Mashonaland Cricket Association in chaos as non-white clubs withdraw

The Mashonaland Cricket Association's annual general meeting (AGM) ended in chaos at Harare Sports Club on Friday evening when the non-white clubs announced that they had pulled out of the league.

They cited an unfair representation on the MCA Board as their main reason to quit the league. This was after the elections to fill four vacancies on the board created by rotation and retirement.

Spokesman of the clubs Stephen Mangongo said that they were now looking at forming their own league.

"We came to this meeting with sincerity and wanted to see a board that is truly representative of all stakeholders. But what we saw was whites, because of their numerical advantage, deciding to ensure that there is a white-majority on the board and also to throw out the black nominees. What's that?

"We had more white teams voting and obviously they are against integration or getting together of cricket between blacks and whites. One thing for sure is that in Mashonaland province I have been given a serious pledge and commitment by all chairmen of non-white clubs that they are pulling out as of tonight.

"We convened an urgent meeting soon after the AGM where we all made the commitment to pull out. We are meeting on Sunday to work out the modalities in Mashonaland. Blacks and Asians are brothers in arms and we are both saying that whites should open up cricket. We have not had problems with the Asians because they have suffered the same way as blacks.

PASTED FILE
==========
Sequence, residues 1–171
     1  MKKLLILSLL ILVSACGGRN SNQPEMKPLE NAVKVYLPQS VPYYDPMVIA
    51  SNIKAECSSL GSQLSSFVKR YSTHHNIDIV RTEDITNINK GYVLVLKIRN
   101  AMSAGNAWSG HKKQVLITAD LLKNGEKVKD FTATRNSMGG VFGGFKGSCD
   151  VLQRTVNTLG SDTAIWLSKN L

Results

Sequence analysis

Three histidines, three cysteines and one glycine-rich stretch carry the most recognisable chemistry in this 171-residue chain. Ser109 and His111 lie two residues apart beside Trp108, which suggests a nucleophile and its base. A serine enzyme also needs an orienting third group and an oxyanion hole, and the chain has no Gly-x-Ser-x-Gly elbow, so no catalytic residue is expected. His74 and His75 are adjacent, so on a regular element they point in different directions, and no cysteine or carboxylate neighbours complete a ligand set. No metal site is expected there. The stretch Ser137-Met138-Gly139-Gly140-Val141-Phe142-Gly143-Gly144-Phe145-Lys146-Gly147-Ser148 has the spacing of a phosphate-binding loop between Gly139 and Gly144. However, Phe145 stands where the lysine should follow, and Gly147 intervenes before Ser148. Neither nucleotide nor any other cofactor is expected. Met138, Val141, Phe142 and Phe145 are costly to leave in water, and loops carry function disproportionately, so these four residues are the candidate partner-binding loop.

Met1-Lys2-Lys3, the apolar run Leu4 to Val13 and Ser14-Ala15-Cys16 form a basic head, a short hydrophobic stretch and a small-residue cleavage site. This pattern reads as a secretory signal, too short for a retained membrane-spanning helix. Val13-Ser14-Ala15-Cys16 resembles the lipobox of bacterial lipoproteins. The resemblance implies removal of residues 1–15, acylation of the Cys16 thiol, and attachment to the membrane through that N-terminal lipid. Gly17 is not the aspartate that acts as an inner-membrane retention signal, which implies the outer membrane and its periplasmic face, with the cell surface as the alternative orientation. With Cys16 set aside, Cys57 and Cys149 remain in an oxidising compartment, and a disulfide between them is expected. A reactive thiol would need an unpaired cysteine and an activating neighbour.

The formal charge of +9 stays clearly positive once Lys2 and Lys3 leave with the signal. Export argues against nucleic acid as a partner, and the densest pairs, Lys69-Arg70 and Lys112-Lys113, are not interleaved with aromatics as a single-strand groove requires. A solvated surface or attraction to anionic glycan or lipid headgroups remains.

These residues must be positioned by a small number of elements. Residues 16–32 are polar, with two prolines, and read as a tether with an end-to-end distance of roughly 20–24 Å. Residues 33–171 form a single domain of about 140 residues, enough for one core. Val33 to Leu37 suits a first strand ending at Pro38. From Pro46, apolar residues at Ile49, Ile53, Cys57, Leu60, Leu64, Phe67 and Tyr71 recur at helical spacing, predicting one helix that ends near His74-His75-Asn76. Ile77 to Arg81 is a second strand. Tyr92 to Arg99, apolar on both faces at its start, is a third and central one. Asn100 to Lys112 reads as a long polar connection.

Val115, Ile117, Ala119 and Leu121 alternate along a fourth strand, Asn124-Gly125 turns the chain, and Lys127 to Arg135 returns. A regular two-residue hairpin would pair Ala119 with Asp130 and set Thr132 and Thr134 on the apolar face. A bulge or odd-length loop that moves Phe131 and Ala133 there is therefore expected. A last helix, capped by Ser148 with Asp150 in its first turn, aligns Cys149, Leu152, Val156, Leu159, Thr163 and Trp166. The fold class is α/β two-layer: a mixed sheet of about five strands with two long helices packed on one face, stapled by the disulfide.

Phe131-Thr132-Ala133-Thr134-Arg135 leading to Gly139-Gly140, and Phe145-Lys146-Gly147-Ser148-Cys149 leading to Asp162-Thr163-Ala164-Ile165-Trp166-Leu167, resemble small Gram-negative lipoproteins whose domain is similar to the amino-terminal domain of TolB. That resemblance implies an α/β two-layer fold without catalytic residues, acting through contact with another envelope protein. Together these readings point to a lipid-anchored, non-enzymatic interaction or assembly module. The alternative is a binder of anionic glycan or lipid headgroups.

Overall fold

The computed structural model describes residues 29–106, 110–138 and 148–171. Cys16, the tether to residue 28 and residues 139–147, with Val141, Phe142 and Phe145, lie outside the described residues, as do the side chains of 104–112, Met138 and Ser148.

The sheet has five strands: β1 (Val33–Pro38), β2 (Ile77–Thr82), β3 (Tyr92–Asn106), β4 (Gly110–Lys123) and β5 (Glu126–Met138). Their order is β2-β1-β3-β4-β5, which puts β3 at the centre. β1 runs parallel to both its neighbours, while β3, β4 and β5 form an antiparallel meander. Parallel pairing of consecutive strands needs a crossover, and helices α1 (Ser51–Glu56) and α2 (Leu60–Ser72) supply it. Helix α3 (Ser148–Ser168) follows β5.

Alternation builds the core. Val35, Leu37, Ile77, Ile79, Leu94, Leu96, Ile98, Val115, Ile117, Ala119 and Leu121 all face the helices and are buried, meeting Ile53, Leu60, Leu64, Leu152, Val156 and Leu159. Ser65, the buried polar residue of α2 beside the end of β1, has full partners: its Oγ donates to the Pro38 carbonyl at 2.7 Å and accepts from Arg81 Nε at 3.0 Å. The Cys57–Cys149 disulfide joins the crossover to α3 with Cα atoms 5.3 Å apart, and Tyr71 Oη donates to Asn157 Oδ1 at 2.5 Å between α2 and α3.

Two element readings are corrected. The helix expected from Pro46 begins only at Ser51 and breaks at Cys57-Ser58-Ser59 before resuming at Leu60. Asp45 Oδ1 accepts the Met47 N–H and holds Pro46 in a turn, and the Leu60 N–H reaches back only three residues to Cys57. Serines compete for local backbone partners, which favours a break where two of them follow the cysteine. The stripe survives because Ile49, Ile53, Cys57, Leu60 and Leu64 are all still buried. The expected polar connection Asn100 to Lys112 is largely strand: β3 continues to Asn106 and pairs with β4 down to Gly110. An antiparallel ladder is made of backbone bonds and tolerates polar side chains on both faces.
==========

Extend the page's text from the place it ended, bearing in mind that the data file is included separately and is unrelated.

"If whites don't want to integrate others in a lawful manner, where we can all benefit, then we have to go our separate ways. We can have a white cricket association and a non-white association if that's the way we are going to do it. It will be bad for cricket in Zimbabwe but if we have to do that we will do it. They have put us in a corner and this is not a threat. We mean it."

Earlier, members at the meeting had proposed to have club cricket extended into winter as the national team was now playing in winter. This would ensure that players not in the national team would be playing cricket elsewhere.

There was also a proposal to have a break between December and February to avoid rain disruptions. But then members were reminded that the 2003 World Cup will take place in February and six of those matches will be in Zimbabwe. This means that locals have to be used to playing cricket in February. There is also the requirement that when the national team is on tour, fringe players should be involved in domestic cricket. The national team is usually committed between December and February and this meant that there should be domestic cricket during that period.

There was also a proposal to have two or three-day cricket and not limited-overs cricket at club level to make locals competitive. It was felt that it was easier to adjust to one-day cricket from two or three-day cricket than vice-versa.

It was noted that it was becoming very difficult to run club cricket these days and there was need for funding from the MCA and Zimbabwe Cricket Union.

Clubs expressed their displeasure at the late disbursements of prize money. MCA will hold a board meeting on Monday to discuss these proposals and others.